43: The Petty Story (1972)

G | 83 mins | Biography | November 1972

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HISTORY

The working title of the film was The Petty Story , and according to a 30 Sep 1974 Box item, it was re-named Smash-Up Alley , a title which is also mentioned in some modern sources. The Box item also noted that the re-titled film was to be released by Wheeler Films, but no additional about Wheeler's involvement has been located. The numeral in the title, 43: The Petty Story , refers to the number of Richard Petty’s famous race car. Although the name of Richard’s wife is never mentioned in the film, biographical sources confirm that the name is Lynda. The end credits contain acknowledgments to include Petty Enterprises of Randleman, NC, Gus Moody and Caraway Speedway, Corona Speedway, Tarheel Speedway, Daytona Motor Speedway, Charlotte Motor Speedway, Darlington Motor Speedway, Division of Highways of NC, individual members of the Petty family and the people of Randleman, NC.
       The acronym “NASCAR” stands for the National Association of Stock Car Racing, which is the sanctioning body of the sport in America. The Petty family is considered by most racing aficionados to be “the first family” of NASCAR: Lee participated in the first stock car race, won the first Daytona 500 race and was a three-time national champion. Lee’s son Richard won a record of 200 races during his career and, as of 2008 is considered the greatest NASCAR driver of all time. In the film it is suggested that “Ed Koler” might deliberately have caused Lee Petty’s career-ending racing accident, but no mention of a driver by that name is found in modern sources. ... More Less

The working title of the film was The Petty Story , and according to a 30 Sep 1974 Box item, it was re-named Smash-Up Alley , a title which is also mentioned in some modern sources. The Box item also noted that the re-titled film was to be released by Wheeler Films, but no additional about Wheeler's involvement has been located. The numeral in the title, 43: The Petty Story , refers to the number of Richard Petty’s famous race car. Although the name of Richard’s wife is never mentioned in the film, biographical sources confirm that the name is Lynda. The end credits contain acknowledgments to include Petty Enterprises of Randleman, NC, Gus Moody and Caraway Speedway, Corona Speedway, Tarheel Speedway, Daytona Motor Speedway, Charlotte Motor Speedway, Darlington Motor Speedway, Division of Highways of NC, individual members of the Petty family and the people of Randleman, NC.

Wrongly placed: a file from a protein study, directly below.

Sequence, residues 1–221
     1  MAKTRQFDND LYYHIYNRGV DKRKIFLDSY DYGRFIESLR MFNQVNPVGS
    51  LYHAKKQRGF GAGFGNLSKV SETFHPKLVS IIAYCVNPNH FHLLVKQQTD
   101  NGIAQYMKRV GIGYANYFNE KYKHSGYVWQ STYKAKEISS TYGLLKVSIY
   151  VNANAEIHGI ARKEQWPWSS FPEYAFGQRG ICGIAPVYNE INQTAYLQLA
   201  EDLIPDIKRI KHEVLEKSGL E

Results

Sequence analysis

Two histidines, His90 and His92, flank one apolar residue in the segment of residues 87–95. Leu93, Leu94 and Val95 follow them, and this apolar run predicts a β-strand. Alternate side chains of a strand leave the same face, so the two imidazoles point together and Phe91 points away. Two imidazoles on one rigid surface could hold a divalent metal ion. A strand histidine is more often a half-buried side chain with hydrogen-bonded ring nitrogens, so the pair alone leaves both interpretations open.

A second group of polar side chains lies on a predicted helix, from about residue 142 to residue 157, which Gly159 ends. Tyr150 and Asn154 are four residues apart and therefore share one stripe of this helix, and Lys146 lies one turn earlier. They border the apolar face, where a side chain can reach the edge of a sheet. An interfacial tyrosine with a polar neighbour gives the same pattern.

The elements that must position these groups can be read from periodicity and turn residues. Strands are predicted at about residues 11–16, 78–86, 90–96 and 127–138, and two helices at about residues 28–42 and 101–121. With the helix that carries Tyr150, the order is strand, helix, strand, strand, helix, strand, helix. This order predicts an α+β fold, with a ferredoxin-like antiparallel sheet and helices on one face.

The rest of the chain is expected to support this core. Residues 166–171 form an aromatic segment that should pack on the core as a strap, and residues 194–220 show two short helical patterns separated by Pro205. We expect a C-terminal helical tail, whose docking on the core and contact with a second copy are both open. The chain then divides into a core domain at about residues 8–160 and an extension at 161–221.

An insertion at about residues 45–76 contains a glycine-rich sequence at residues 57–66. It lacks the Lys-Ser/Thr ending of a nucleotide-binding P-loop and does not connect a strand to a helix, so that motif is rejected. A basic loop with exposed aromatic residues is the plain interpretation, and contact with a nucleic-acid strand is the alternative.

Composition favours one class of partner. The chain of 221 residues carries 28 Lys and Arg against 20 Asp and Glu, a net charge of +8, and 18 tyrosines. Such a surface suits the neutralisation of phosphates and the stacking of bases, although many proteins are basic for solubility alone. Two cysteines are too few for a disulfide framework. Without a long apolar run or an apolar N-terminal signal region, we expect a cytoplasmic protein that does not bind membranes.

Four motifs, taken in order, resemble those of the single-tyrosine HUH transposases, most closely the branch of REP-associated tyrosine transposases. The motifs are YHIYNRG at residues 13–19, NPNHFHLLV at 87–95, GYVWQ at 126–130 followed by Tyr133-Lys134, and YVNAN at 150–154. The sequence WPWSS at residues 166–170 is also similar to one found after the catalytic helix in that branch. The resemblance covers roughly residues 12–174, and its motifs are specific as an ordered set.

The acronym “NASCAR” stands for the National Association of Stock Car Racing, which is the sanctioning body of the sport in America. The Petty family is considered by most racing aficionados to be “the first family” of NASCAR: Lee participated in the first stock car race, won the first Daytona 500 race and was a three-time national champion. Lee’s son Richard won a record of 200 races during his career and, as of 2008 is considered the greatest NASCAR driver of all time. In the film it is suggested that “Ed Koler” might deliberately have caused Lee Petty’s career-ending racing accident, but no mention of a driver by that name is found in modern sources.
       The film’s editor, Pierre Jalbert, played the role of “Curtis Cross,” and production manager Tony Lorea had a small part as “the drunk.” A 17 May 1972 Var news item noted above also reported that filming took place in Randolph County, NC, where Richard Petty was raised. The picture used actual footage from the stock car races that were dramatized and ends with a montage of clips from scenes highlighting the Petty family story and footage of Richard’s wall of trophies. More Less

GEOGRAPHIC LOCATIONS
BIBLIOGRAPHIC SOURCES
SOURCE
DATE
PAGE
Box Office
2 Oct 1972.
---
Box Office
9 Oct 1972.
---
Box Office
11 Dec 1973
p. 4547.
Box Office
30 Sep 1974.
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Hollywood Reporter